As a member of Enspiral you are encouraged to share your experiences through our publishing platforms:

🎙 Here's a conversation about blogging for Enspiral and writing online with Rich Bartlett.


During the original Catalyst experiment, Gina started Enspiral Tales - a Medium collection for blog stories written by Enspiral people.

Rich followed up with the “Fairy Blog Mother”. This was a bucket of money that anyone in the network can contribute to. Rich arbitrarily handed out money to people for writing, editing and illustrating blog posts. Creating Enspiral Content has been also funded in October '22 Cobudget Round.


The content is diverse. We don’t need to have a strong editorial opinion about what kind of content to publish, as the internet decides what is interesting. Here’s some of the kinds of posts that seem to do well.

Decentralised Leadership

Between us we’re learning a lot about decentralised leadership. Alanna Krause writes about it, Jessy Kate Schingler writes about it, Richard D. Bartlett writes about it, and so does Susan Basterfield. These pieces are really valuable to people trying to follow in Enspiral’s footsteps.

Vision conjuring

Some people do big epic visionary change-the-world pieces like Joshua Vial’s Hacking Capitalism with Capped Returns and Edward West’s piece announcing the Collaborative Technology Alliance. These are the kind of pieces a community can grow around.

Experience sharing

Some people share their experience of being in Enspiral, which is really helpful context for new folk. See Pete Jacobsen’s Baffling Journey Into Enspiral or Hailey Cooperider’s reflections from her first Enspiral retreat, Vivien Askey’s interview with Jack Tolley, Chloe Waretini’s reflection on the first Catalyst experiment,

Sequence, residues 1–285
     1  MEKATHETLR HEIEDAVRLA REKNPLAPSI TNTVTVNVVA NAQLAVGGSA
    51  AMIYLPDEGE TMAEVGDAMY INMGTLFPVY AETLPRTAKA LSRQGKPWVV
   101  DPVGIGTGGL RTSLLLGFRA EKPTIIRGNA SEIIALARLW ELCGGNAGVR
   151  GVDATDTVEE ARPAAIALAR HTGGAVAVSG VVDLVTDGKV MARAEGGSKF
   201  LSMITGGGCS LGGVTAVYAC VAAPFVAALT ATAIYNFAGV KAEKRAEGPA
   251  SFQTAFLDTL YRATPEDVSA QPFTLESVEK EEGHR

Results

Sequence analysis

Practical lessons

Then again some people share more practical lessons like Mix Irving’s Teaching in the Spiral: Less Lecturing, More Co-creating, Chelsea Robinsons’s Feedback Feast, Theodore Taptiklis’ on Capturing a compelling story and James Kiesel’s piece on remote working and Sam Rye on the essential tools in your Startup Stack. The internet loves practical guides like this!

Reflecting on events

Blogging is a great way to digest events, e.g. Richard D. Bartlett’s epic summary of the Democratic Cities conference in Madrid, Silvia Zuur’s review of Bioneers, Tracey Ambrose’s review of OuiShare Fest, Alina Seigfried’s piece about Michel Bauwens’ visit to Wellington, and Derek Razo’s schemes after POC21 as the event morphed into a community.

Events are easy to write about, and they tend to get a good level of attention because you can share them on the event hashtag. Event participants are often eager to read the reflections of other attendees.


There’s no formal editorial system in place.

Anyone can write a piece on Medium and submit it to the publication for review. Technically, Rich, Alanna, Chloe, Derek, Seb and Gina have “editor” permissions so can approve or edit any submitted post. If you want your name on this list, talk to Rich.

Practically, Rich has the strongest editorial oversight - chat with him if you’re thinking of a post but not sure if it fits, or want any kind of encouragement. If you don’t know where to start, this short story about writing the minimum viable post might help. He’s currently operating on the principle that more contributors is good: let’s all get in the habit of sharing our lessons in public! Right now he's particularly interested in sharing stories about the challenges and tensions of working in this way, but you might be interested in something completely different and that is cool too.

Licensing and syndication

Licensing is up to you. Medium allows you to choose a license, whether you want to reserve all, some, or no rights. This article might help you choose. If you don't actively choose a license, you're effectively giving up all your rights to Medium.

If you choose a license that allows people to share your work, it can get reposted elsewhere. This is great to expand the reach of our stories. E.g. Shareable and P2P Foundation both reposted Rich’s Bossless Organisations piece.

If you want to make it easier on the editors of those publications, it’s helpful to publish a raw Markdown or Html version of your post somewhere. For example, see how Rich did that at the very end of this post.

Impact on the original experiment

The results have been great: about 40 people have written stories, growing the publication to 2800 followers, getting about 5-10k hits in a month. Here's a summary of our all-time views:

And our most popular stories to date (updated Jan '19):


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